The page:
While they are perhaps not as ubiquitous as back in the arcade heyday, there’s still something I find irresistible about a good bullet-hell shooter. Something about the fast action, often bright and vivid visuals and that all powerful one more go factor just sucks me in every time. Not that I’m any good at them, even after all this time, but boy, do I enjoy them. Natsuki Chronicles is the latest of the genre to pass my way and I had a rather excellent time with it – despite not managing to get all the way to the end.
That’s even with Natsuki Chronicles rather forgiving set up too. Unlike other titles in the genre, here we have a couple of bones thrown our way to offset the frankly mad action on screen. Firstly, our craft is able to withstand 3 hits in quick succession. Not only that, but dodging further attacks for a short while actually sees the shield slowly recharge. Additionally, extra shields can be added depending on your performance on earlier runs, though these are expended upon impact. We also have a plethora of options for attack. Forward and backward firing guns, rockets, lasers and more allow you to defend all angles. Using both at once is possible, though the damage output is diminished at the same time. A defence perk rounds out our crafts abilities, again coming in many different flavours and allowing us not only to inflict extra damage but also wipe out incoming bullets at the same time. The only thing missing is a full screen clearing attack, though there’s enough else to use that having that may have been overkill.
All this is to allow Qute Corporation to really lay on the enemies and difficulty – and they take every opportunity to do so. Even in the early stages, on Easy no less, the screen is rarely clear for more than a few seconds before a literal explosion of colours and bullets make their way toward you. Our ship is nimble, with two swappable (and customisable) settings allowing us to speed up or slow down to handle the incoming waves. But even that can’t save you alone. Enemy ships come thick and fast, and in an impressive amount of variety. From tiny drones that let off a single bullet to screen sized tanks using rockets, lasers and bullets in concert, each offer a unique challenge. As I mentioned, I rather enjoy this type of game, and Natsuki Chronicles pretty much nails exactly why in this respect. Every few seconds is different, never letting up but always keeping you in control of your actions. Get cornered by a barrage of bullets and it very rarely feels as though you had no choice to escape it. Overly cocky play will be met with severe punishment, yet cowardice will be put down just as much. On the flip side, once you lock in to the zone – your peripheral vision being used for the majority of your threat detection, the colours (or lack thereof) all hinting at the next possible avenue – there’s not many game experiences that can touch it. Qute help out here too, with contextual (or always on/off should you prefer) guidelines that show the nearest impending threat direction, giving you vital seconds to plan an escape.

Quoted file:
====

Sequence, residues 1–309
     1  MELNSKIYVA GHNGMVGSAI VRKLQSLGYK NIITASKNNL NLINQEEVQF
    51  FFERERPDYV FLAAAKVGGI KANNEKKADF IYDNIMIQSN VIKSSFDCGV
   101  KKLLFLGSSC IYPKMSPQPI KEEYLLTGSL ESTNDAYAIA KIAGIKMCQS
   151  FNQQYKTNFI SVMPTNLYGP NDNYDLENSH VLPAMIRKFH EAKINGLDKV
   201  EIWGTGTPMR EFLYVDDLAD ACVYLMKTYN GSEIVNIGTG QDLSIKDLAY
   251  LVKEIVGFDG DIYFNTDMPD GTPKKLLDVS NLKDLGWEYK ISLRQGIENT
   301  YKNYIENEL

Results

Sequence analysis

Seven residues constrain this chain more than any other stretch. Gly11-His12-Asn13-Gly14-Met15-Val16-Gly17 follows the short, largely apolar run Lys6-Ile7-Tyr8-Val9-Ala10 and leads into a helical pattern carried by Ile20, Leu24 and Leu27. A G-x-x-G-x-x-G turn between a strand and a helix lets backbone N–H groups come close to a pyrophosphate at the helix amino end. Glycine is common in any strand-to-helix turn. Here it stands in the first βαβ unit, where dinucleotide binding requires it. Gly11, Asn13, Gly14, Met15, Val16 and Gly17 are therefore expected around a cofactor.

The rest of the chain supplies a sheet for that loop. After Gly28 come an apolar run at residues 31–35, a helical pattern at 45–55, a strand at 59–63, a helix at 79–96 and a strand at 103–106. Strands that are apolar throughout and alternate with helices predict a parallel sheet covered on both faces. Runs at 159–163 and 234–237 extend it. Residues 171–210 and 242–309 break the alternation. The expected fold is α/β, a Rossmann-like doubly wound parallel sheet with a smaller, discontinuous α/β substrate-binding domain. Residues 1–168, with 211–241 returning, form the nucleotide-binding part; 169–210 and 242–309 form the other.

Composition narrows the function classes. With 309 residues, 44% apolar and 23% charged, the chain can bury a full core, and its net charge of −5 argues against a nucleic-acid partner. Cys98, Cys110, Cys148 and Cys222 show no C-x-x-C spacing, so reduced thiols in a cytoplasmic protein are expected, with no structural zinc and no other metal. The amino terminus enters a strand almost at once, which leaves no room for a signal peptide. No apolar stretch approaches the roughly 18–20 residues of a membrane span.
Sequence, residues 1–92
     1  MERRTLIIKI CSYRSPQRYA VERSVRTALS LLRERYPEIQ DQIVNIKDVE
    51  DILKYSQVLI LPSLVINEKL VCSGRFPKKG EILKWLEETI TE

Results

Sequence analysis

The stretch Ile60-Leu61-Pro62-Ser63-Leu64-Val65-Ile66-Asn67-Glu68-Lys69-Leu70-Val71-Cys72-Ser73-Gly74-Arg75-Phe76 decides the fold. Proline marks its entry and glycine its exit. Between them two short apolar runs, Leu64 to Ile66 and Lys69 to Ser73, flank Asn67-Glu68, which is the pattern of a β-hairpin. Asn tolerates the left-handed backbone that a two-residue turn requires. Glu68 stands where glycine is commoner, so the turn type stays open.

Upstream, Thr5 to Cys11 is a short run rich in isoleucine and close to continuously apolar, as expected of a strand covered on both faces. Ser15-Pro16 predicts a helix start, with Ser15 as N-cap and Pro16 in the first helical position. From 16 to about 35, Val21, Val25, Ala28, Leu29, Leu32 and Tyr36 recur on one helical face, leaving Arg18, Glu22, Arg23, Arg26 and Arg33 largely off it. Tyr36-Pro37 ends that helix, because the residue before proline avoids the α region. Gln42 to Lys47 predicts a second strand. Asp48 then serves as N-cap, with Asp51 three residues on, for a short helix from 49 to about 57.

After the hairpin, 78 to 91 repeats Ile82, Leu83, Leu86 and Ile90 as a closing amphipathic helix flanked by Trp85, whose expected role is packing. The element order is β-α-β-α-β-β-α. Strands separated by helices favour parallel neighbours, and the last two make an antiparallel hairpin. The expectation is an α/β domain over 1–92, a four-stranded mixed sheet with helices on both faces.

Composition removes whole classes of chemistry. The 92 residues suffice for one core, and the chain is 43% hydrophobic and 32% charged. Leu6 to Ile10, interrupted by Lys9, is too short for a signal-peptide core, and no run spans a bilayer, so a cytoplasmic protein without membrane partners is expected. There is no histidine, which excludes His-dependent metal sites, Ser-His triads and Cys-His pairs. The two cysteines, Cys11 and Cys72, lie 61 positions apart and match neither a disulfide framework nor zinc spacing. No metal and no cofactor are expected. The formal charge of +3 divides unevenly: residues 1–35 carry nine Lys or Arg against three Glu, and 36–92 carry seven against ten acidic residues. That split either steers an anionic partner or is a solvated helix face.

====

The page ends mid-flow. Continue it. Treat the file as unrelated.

The levels themselves are brilliantly designed too, with fast moving backdrops adding to the feeling of souring through the air in a high-powered anime rocket ship and giving the visuals a nice boost – not that you’ll get much time to spend looking at them. In addition to the sheer variety of ships, the bullet types, colours and effects is astounding. The screen often looks like a gaggle of rainbows are engaged in a comical brawl, such is the colour emanating off screen. While the majority of the action sees us flying from right to left, occasionally Qute deem it fit to mix things up a touch. Enemies will fly in from all angles, but there’s times when navigating a series of tight corridors – while avoiding a hail of fire, of course – is the order of the day. Or one level while escorting a train, where it suddenly speeds up, shooting along the lower part of the screen while enemies that are latched on the the top of it attack you from the behind as they fly past.